Aside from the poor trading value of an Orlando week, there is another reason not purchase one for exchange purposes. RCI will not allow you to use the week to exchange into any other Orlando resort except the one you own at.
Not at all true. A handful of Orlando resorts restrict trades in, but most of them don't. I just checked with my Orange Lake week, and in January 2009 it pulls up 30 resorts, including several of the nicer ones.
There are a lot more things to take into consideration before buying a timeshare, no matter how cheap it seems. Please use the "search" feature near the top of the Forums homepage to do lots of homework. (I think you may need to be a paid TUG member to acces it. But it will be the best $15. investment you ever made).
Agreed it is not something to just jump into, but with a purchase price of a few dollars for decent resorts, it's not such a big problem. I wouldn't forsee a real problem renting a good week in Orlando for more than the maintenance fees. Sure, if you panic and try to rent it on eBay with a low starting bid you won't get more than maintenance fees, but if you advertise localling, and are willing wait past a few lowball offers, you will get it. Homework is great, but you also can't be scared of something that sounds like a good deal - not something that sounds too good to be true, but a reasonable bargain. Sure, there are better deals to be had, but is it really worth the effort to dig for them? I suspect not for the majority of people interested in getting into timesharing.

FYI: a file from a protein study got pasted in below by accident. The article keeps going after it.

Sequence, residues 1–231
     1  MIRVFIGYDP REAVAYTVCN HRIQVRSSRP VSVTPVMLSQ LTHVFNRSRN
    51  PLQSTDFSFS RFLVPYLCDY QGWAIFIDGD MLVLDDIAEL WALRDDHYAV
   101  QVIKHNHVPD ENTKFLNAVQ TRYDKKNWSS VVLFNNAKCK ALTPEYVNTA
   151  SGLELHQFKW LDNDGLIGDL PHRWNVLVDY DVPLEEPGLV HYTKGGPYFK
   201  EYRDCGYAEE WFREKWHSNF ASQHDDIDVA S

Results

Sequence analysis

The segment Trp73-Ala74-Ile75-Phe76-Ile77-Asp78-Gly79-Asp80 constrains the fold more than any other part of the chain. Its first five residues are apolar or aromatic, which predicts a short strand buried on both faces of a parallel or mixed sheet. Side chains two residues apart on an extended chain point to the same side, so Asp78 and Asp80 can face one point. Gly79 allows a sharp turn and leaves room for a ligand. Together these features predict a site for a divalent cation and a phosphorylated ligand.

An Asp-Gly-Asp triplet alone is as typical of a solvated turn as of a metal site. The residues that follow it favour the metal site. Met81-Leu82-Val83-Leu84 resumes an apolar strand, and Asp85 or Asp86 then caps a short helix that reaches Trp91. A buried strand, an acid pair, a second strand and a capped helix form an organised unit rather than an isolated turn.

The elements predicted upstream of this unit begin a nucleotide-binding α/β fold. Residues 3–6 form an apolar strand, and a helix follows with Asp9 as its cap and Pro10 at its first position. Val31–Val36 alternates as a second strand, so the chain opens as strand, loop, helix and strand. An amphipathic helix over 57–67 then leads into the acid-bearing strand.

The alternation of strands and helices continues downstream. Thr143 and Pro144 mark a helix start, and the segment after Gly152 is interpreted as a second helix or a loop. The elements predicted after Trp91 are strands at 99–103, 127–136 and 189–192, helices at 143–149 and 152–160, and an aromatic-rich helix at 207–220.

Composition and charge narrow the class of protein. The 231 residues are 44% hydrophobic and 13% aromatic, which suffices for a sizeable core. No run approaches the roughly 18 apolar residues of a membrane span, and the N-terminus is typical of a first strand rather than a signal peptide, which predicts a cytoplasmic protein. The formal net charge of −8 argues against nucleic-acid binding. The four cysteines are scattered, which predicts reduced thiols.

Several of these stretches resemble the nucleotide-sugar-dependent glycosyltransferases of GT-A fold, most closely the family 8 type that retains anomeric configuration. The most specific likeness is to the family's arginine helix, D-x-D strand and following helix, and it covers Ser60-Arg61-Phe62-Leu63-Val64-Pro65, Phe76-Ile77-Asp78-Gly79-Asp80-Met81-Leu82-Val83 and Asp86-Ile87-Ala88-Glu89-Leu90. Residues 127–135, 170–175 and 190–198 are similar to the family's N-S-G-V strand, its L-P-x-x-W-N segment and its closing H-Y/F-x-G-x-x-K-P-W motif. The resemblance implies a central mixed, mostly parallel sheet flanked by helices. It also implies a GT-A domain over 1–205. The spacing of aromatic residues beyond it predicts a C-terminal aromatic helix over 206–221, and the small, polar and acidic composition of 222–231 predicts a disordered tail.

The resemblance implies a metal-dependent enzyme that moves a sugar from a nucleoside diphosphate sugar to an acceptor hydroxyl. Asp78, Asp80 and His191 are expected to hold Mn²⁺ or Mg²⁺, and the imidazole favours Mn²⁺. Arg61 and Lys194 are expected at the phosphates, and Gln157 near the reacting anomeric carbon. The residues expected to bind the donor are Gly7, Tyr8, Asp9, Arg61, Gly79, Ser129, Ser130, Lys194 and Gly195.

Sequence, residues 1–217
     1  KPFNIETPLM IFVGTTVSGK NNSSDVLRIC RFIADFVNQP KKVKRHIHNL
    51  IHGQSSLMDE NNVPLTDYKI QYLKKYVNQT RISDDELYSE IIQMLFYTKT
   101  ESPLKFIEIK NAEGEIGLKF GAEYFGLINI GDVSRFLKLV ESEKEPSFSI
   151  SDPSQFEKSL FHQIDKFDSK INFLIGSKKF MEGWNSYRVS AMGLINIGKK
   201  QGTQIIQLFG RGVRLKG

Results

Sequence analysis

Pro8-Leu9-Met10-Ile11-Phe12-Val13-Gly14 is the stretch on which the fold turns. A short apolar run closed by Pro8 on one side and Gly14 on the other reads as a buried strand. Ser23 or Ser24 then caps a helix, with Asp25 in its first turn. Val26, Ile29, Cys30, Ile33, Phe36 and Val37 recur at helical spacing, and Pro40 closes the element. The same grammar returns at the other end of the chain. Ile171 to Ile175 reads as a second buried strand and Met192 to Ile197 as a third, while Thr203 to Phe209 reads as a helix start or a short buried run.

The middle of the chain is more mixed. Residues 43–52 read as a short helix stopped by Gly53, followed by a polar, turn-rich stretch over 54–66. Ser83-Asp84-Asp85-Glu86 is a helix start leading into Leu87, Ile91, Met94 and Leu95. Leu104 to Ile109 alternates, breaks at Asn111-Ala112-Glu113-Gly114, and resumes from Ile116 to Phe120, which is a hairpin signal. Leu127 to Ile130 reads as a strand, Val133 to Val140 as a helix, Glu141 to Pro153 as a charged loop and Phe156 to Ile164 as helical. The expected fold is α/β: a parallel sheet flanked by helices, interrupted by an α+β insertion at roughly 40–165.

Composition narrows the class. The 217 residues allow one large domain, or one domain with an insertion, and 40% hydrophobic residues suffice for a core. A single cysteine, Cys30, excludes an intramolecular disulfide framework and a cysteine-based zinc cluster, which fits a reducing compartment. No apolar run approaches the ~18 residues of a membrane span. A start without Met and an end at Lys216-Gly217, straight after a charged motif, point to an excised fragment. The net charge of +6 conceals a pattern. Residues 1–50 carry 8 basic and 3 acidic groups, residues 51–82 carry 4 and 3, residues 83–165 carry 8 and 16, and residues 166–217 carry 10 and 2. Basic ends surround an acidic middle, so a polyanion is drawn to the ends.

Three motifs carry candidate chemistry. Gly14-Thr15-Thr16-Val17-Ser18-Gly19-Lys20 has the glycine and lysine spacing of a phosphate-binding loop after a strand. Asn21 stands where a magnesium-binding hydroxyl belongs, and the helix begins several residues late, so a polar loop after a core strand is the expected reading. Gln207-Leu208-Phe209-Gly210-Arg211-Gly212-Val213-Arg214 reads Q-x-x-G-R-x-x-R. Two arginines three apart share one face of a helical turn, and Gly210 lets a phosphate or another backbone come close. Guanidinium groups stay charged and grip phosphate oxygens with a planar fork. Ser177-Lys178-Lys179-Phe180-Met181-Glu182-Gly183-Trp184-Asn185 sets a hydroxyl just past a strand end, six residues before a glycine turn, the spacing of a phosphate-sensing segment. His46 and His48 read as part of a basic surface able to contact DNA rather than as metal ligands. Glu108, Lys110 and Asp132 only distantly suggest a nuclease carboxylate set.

funtime

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Ebay bargains

Gee, I have over 120 in my ebay watch list. In terms of ebay bargains, they are definately out there. I would assess the situation as comparing all ebay timeshares with a total price - including closing - under $500 as essentially the same. After all if you end up paying 99 dollars or 1 dollar makes no real difference. What makes a difference is if you really like the resort and can use it for your own portfolio. For example, I like Southern California in September and early October and there are bargains out there to be had. However, week 2 or week 3? Not my cup of tea. As to Orlando I have a summer week at a real old resort that I would not want to stay at. If you do bite on an Orlando week get one in July or the first two weeks of August. My summer Orlando week at a no star timeshare does well in II flexchange in off season it has always gotten me Marriotts. Right now it will get me a two bedroom at Lawrence Welk in early December. Way off season but a great resort. Again, the ebay bargains are best for folks who can travel in the off season. Another thing - I like one bedrooms better than two bedrooms because that extra 150 to 200 in maintenance fees will really add up especially if you want to use your unit as a trader. Look at the maintenance fees really hard. After all, a maintenance fee and tax bill of 600 means a unit for 739 to 749 a week as a trader when you add in trading fees. Higher fees will really start to take a bit out of your wallet! Good luck and happy hunting.
 

Jennie

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Almost always is a stretch. You might be able to rent for less than you would pay for maintenance as some resorts, but not all. And you won't be able to rent for less than maintenance at the best resorts, or for the most popular weeks.
One of the people who posted a message in this thread won an auction for a timeshare at an un named Orlando resort for a dollar. The fact that the seller was willing to pay ALL of the closing costs is a clear indication that this is not a prime week and/or resort. If he likes the resort and plans to use it himself almost every year, he got a great deal. I own a couple of weeks at a resort that has poor reviews but we love it and vacation there every summer. "To each his own." (We also own at high end top rated resorts).